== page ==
There are a lot of controversial topics in nutrition … should we eat 3 meals per day with no snacks, or snack periodically? Are egg yolks good or bad? Is vegan the healthiest way, or are you missing nutrients from animal products? Should we take supplements, or get our nutrients from food?
One of the hottest topics lately has been … is red meat healthy? Or is it harmful? I get asked this question frequently by health coaching clients, and so I thought I’d take a crack at it here. Of course, this is an enormous topic, and it’s impossible to include my entire opinion in a single blog post. However, I’ll do my best to lay out the basics of my thoughts, and I’d love to hear yours as well!
- Because this is such a popular topic, every new study makes headlines, and is often sensationalized. Just last month, the Washington Post reported on a study showing that those who ate high levels of animal protein in middle-age were four times as likely to die of cancer than those who ate low levels of animal protein. Scary, right? Well, 13 days later, the New York Times reported on a study showing that saturated fat does not lead to higher risk of death, after all. (picture source)
- I love this research, so I read as much as I can, and reading from both sides helps me identify overlap and conflicts, and eventually form my own opinions. I’ve read books, articles, blog posts, and so much more – it’s fascinating to me! (picture source)
- There is a significant body of research showing that red meat is associated with increased risk and decreased health. Frequently-cited studies showing the detriments of red meat include:
- Harvard School of Public Health Study, showing that red meat is associated with increased risk of total, cardiovascular, and cancer mortality. They showed that replacing one daily serving of red meat with nuts was associated with a 19% lower mortality risk!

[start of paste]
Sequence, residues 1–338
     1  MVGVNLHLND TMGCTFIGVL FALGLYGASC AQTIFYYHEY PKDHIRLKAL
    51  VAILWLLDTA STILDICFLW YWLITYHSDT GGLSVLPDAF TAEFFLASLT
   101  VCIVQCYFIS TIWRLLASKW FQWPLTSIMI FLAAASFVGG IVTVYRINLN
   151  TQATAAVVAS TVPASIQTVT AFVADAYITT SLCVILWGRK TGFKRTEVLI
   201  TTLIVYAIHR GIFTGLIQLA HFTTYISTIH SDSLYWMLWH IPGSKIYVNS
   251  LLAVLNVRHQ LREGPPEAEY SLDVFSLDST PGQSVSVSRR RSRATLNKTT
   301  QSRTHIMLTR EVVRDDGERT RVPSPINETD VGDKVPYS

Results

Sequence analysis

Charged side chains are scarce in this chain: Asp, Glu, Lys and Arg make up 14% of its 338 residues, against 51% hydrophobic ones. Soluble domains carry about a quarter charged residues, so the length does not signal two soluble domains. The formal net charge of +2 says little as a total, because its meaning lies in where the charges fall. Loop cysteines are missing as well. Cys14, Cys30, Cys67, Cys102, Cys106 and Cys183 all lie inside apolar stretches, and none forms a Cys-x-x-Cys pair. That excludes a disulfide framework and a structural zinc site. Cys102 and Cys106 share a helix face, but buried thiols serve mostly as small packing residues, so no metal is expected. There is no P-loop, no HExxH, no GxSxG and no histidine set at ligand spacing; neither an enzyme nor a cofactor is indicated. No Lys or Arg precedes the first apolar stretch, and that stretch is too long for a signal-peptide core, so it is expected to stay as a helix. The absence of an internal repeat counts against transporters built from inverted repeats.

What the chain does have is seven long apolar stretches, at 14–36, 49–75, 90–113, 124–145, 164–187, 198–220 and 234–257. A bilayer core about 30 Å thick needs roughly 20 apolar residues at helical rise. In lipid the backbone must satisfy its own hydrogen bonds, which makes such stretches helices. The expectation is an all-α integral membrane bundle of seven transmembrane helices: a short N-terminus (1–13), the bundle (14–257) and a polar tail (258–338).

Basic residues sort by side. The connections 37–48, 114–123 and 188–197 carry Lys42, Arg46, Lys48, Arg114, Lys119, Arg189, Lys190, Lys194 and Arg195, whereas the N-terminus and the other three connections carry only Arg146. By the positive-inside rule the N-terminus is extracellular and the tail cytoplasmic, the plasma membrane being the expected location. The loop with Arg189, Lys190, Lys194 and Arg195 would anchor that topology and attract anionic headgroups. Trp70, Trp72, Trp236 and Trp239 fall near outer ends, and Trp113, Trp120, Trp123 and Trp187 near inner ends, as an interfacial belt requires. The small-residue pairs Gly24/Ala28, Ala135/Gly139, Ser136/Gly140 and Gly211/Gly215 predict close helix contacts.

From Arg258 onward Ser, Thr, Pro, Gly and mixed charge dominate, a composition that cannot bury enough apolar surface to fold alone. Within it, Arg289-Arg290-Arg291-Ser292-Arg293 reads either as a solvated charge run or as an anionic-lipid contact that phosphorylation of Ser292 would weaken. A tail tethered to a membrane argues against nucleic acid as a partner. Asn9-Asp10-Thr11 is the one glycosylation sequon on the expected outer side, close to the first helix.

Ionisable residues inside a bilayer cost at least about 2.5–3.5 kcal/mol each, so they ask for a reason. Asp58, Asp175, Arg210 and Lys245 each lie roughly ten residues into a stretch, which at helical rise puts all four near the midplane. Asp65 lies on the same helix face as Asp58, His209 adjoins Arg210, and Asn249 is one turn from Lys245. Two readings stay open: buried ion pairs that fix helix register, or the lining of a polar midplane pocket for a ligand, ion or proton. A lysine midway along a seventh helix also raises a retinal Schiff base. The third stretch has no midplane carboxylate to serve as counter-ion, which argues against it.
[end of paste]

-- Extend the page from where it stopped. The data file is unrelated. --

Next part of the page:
- Looking into that same data on the same Nurse’s Health Study showed that red meat raises risk of diabetes, and also raises the risk of heart disease, and increases mortality from all causes.
- The NIH-AARP study (also done on over half a million people) also showed that higher meat intake was correlated with higher risk of death overall, and death from cancer. (picture source)
- However, almost all of that research has serious “red flags.” A majority of the research in the “meat is bad” camp is done based on the Nurse’s Health Study, which is well-regarded since it was done on tens of thousands of people, over dozens of years. However … it was an observational study, which means it asked people to report on what they did eat, rather than manipulating their intake. This leaves a ton of room for error. It also didn’t monitor for meat quality (see #5!), type of meat, and many other things that could really mar the results. It did control for “major” health indicators like smoking, alcohol consumption, and vegetable consumption, but health is an exceedingly complex puzzle, and it’s not something that we can really “control for.” It is definitely possible, since the studies showed a correlation and not a causation, that something else was causing all the increased mortality in these hundreds of thousands of people. So … there’s a lot out there, but we can poke holes in it quite easily. (picture source)